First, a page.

Dispensable, infected or neoplastic cells are removed by programmed cell death, including pathways for apoptosis, necroptosis and pyroptosis. Owing to differences in their mechanisms and physiological outcomes, these cell death pathways have traditionally been viewed as separate entities, but it has become clear that they are mechanistically and functionally connected.

    • Sammy Bedoui
    • , Marco J. Herold
    •  & Andreas Strasser
  • Review Article |

    The nucleolus is a membraneless organelle involved in ribonucleoprotein assembly, including ribosome biogenesis. Recent evidence indicates that the nucleolus is a biomolecular condensate that forms via liquid–liquid phase separation (LLPS), and insights from studies within the LLPS framework are increasing our understanding of the relationship between nucleolar structure and function.

    • Denis L. J. Lafontaine
    • , Joshua A. Riback
    • , Rümeyza Bascetin
    •  & Clifford P. Brangwynne
  • Review Article |

    Histone variants differ from canonical histones in their genomic localization, regulation and function. Incorporation of histone variants endows specific genomic regions with unique features to fine-tune gene expression, contributing to animal development and disease pathogenesis.

    • Sara Martire
    •  & Laura A. Banaszynski
  • Review Article |

    Human organoids are valuable models for the study of development and disease and for drug discovery, thus complementing traditional animal models. The generation of organoids from patient biopsy samples has enabled researchers to study, for example, infectious diseases, genetic disorders and cancers. This Review discusses the advantages, disadvantages and future challenges of the use of organoids as models for human biology.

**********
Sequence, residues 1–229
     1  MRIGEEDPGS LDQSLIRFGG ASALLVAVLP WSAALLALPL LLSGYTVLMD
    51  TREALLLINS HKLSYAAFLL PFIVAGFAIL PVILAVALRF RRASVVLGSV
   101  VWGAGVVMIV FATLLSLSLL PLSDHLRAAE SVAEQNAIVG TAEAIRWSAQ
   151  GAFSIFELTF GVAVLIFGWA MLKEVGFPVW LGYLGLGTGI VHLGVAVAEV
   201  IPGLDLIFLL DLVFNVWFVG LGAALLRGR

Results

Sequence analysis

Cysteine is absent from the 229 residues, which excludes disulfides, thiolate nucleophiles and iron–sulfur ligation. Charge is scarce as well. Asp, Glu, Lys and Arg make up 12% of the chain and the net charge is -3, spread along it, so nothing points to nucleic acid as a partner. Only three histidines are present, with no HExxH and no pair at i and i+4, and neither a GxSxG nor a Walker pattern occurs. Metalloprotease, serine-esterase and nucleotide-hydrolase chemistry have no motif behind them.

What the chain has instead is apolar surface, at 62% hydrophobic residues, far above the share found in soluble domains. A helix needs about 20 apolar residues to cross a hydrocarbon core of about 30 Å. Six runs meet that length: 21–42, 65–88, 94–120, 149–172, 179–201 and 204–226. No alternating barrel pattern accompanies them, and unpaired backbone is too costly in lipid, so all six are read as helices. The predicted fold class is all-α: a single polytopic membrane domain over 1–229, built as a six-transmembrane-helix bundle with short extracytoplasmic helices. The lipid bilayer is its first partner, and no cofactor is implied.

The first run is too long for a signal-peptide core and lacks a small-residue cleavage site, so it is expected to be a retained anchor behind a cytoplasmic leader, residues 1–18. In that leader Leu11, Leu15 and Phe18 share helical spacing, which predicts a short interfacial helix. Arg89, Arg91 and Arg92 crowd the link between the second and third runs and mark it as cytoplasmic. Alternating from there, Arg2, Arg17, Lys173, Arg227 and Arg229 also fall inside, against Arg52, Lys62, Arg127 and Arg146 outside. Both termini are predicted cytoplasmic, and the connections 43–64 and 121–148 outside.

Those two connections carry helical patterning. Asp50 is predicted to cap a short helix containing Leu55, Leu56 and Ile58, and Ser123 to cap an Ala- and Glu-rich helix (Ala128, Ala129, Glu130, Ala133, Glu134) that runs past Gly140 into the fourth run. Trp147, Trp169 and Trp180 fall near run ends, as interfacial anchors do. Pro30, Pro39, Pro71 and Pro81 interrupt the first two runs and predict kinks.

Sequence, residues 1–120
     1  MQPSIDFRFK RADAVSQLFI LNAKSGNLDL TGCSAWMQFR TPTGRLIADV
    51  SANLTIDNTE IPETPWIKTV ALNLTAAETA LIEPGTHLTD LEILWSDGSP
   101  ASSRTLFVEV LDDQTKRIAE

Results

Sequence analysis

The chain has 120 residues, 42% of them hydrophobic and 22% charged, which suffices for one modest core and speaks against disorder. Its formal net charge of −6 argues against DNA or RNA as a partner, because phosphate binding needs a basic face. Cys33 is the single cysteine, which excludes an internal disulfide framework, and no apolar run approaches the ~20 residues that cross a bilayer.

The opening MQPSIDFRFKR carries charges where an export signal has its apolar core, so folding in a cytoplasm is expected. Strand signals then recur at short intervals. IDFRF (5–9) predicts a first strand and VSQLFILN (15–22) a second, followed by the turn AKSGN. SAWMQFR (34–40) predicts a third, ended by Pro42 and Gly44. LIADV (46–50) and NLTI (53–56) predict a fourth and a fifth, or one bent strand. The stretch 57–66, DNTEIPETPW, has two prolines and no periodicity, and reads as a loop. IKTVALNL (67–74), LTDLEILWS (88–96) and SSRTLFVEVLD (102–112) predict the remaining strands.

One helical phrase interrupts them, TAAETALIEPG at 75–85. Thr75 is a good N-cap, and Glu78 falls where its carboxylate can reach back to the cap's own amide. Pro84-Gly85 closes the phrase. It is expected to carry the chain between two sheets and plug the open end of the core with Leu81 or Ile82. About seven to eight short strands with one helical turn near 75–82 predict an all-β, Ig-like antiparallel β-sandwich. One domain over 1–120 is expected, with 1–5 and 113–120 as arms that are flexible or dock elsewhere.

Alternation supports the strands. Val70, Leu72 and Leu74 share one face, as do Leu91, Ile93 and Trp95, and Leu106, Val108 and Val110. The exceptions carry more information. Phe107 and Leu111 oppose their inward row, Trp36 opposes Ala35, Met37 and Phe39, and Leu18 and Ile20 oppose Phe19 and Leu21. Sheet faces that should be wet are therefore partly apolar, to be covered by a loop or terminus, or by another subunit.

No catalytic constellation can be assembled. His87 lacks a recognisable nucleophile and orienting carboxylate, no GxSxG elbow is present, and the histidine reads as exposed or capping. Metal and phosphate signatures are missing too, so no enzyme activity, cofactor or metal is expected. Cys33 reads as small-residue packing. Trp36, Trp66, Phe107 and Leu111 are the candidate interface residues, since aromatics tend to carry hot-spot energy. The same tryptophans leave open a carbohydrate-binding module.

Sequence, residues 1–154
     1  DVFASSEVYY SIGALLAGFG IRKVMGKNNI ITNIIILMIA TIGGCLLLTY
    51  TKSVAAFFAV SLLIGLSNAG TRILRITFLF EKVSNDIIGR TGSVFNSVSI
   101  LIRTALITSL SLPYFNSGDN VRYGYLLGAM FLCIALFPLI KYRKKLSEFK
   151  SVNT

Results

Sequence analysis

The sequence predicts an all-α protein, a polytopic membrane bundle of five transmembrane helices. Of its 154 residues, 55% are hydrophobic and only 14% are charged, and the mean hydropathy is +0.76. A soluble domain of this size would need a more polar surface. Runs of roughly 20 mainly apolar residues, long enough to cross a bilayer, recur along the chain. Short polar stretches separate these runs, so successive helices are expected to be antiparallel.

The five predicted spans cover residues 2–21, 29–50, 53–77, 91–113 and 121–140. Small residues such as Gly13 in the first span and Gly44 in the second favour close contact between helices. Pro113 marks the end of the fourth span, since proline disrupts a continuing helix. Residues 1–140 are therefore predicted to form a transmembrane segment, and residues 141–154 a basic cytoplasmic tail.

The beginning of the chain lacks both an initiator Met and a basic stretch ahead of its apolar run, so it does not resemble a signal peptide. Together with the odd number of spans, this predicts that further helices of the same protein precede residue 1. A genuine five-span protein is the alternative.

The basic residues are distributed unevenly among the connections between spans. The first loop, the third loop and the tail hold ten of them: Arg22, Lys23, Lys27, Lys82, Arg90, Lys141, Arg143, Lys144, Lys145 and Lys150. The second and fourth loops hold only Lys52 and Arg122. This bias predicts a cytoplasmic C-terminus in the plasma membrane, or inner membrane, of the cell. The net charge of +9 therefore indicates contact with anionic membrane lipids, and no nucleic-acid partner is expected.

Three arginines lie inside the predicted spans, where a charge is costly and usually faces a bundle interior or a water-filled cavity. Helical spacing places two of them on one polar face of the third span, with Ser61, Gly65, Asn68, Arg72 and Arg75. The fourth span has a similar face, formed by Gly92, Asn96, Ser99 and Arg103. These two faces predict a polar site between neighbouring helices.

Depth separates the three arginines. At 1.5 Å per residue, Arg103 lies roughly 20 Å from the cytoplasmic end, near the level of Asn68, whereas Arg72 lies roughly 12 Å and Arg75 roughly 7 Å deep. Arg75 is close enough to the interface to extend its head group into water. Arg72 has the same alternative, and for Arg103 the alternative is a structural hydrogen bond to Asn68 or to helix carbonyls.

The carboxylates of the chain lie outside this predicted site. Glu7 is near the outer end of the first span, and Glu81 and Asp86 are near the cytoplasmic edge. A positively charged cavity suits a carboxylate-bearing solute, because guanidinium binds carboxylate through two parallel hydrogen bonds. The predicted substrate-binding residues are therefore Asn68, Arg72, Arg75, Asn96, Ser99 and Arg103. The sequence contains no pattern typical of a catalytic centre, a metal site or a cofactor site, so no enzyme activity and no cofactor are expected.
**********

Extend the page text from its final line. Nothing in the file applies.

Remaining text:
• Jihoon Kim
    • , Bon-Kyoung Koo
    •  & Juergen A. Knoblich
  • Review Article |

    Recent studies have highlighted the contribution of RNA to cellular liquid–liquid phase separation and condensate formation. RNA features modulate the composition and biophysical properties of RNA–protein condensates, which have various cellular functions, including RNA transport and localization, supporting catalytic processes and responding to stress.

    • Christine Roden
    •  & Amy S. Gladfelter
  • Review Article |

    Different obstacles can stall the progression of replication forks. Recent studies have revealed that stalled forks are remarkably diverse in their composition and architecture. This plasticity enables fork remodelling, processing and restart in response to specific types of replication stress, thereby influencing tumorigenesis and innate immunity.

    • Matteo Berti
    • , David Cortez
    •  & Massimo Lopes
  • Review Article |

    Extracellular signal-regulated kinase 1 (ERK1) and ERK2 relay cell growth and mitogenic signals to multiple substrates, and thus control essential physiological processes. This Review discusses the regulation of ERKs, and their control of cell proliferation, cell survival, cell growth, cell metabolism, cell migration and cell differentiation.

    • Hugo Lavoie
    • , Jessica Gagnon
    •  & Marc Therrien
  • Review Article |

    The non-canonical addition of non-templated nucleotides to RNA 3′ ends (tailing) by terminal nucleotidyltransferases includes uridylation, mixed-nucleotide tailing and post-transcriptional polyadenylation. Recent studies of human terminal nucleotidyltransferases have revealed their distinct specificities for substrates, including mRNAs, microRNAs and other non-coding RNAs, and how they control RNA stability and activity.

    • Sha Yu
    •  & V. Narry Kim
  • Review Article |